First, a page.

Richard Mosse's Stunning Photos of the Congo

Curator: Rev. Fredrik Öst IV
date: April 18, 2015
Categories: Photography
Tags: art, exhibition, Museum
Until the end of May, one of our favorite photographers, Richard Mosse, has an exhibition called “The Enclave” at the Museum of Modern Art in Louisiana. Mosse captures the horrible civil war in eastern DR Congo in a striking, poetic, and beautiful way, using an outdated military surveillance film that turn everything that's green, pink instead. And as you may know, we love pink!

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Draw a Jelly: Monterey Bay Aquarium

Curator: David Sherwin
date: April 10, 2014
Categories: Experience Design
Tags: aquarium, interactive, marine science, Museum
I’m a sucker for the three “-ums”: museums, planetariums and aquariums. And there’s no aquarium west of the Mississippi I love more than the Monterey Bay Aquarium. Over the holidays, my wife and I drove down to visit it, and we were completely sucked into their jellyfish exhibit “The Jellies Experience” (’70s allusion intended). 
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The Museum of Jurassic Technology: David Wilson

Curator: Karin Fong
date: March 14, 2013
Categories: Experience Design
Tags: Museum
This is a place that should incite the curiosity of anyone who at anytime fancied having a Wunderkammer (raise your hand). 
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PLAY WORK BUILD: Rockwell Group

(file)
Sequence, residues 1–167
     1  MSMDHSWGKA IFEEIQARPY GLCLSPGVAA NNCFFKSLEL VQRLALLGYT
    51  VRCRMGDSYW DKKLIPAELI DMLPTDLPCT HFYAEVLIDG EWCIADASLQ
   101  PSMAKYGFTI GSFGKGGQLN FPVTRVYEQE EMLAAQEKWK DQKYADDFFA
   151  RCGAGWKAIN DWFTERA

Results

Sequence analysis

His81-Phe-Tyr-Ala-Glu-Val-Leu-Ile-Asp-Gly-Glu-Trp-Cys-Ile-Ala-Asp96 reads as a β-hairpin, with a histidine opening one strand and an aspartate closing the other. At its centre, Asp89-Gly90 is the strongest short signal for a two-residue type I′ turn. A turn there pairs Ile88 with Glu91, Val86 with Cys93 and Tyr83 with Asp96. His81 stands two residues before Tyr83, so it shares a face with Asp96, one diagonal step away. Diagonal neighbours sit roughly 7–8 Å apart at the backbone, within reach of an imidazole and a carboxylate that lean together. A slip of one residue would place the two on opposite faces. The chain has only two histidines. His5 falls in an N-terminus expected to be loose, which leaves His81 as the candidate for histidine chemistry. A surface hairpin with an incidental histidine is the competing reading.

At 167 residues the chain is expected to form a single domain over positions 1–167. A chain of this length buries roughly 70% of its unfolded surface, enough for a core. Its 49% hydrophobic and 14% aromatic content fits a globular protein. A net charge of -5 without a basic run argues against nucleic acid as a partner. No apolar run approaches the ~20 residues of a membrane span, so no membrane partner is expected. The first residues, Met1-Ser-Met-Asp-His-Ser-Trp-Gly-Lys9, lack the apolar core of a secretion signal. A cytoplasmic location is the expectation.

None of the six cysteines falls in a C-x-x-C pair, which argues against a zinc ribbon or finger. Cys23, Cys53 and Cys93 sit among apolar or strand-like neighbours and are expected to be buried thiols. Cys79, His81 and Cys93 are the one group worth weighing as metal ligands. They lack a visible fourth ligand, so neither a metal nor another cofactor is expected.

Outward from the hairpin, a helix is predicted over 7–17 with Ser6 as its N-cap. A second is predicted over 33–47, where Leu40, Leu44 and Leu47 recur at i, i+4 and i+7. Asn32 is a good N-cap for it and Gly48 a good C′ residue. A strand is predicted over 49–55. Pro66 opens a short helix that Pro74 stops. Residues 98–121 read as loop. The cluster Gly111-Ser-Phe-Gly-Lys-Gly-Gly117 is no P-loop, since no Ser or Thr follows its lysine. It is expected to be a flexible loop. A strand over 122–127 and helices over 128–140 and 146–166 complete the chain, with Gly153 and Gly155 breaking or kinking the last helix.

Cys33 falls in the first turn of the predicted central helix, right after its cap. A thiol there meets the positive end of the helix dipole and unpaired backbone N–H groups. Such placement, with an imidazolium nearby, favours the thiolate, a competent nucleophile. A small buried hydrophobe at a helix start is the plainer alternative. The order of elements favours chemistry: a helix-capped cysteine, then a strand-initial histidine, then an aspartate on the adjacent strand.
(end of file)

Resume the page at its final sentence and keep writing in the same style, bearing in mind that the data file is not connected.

Curator: Daniel Savage
date: January 15, 2013
Categories: Experience Design
Tags: exhibit, interactive, Museum, rockwellgroup

Much of my time as a child was spent creating giant “sculptures” with Pipeworks and pretending they were spaceships. Although Pipeworks are no longer available, the Rockwell Group’s Imagination Playground is here to fill that void.

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Patterned By Nature

Curator: Matt Checkowski
date: September 27, 2012
Categories: Environmental Design, Experience Design
Tags: Glass, Museum, Organic, Procedural, Tiles
This artwork, a collaboration between Plebian DesignHypersonic Engineering and DesignPatten Studio and Sosolimited, celebrates our abstraction of nature’s infinite complexity into patterns through the scientific process—and through our perceptions. It brings to light the similarity of patterns in our universe, across all scales of space and time.

This sculptural ribbon—10 feet wide and 90 feet in length, and made of 3,600 tiles of LCD glass—winds through the five-story atrium of the North Carolina Museum of Natural Sciences. It runs on roughly 75 watts (less power than a laptop computer). Animations are created by independently varying the transparency of each piece of glass.
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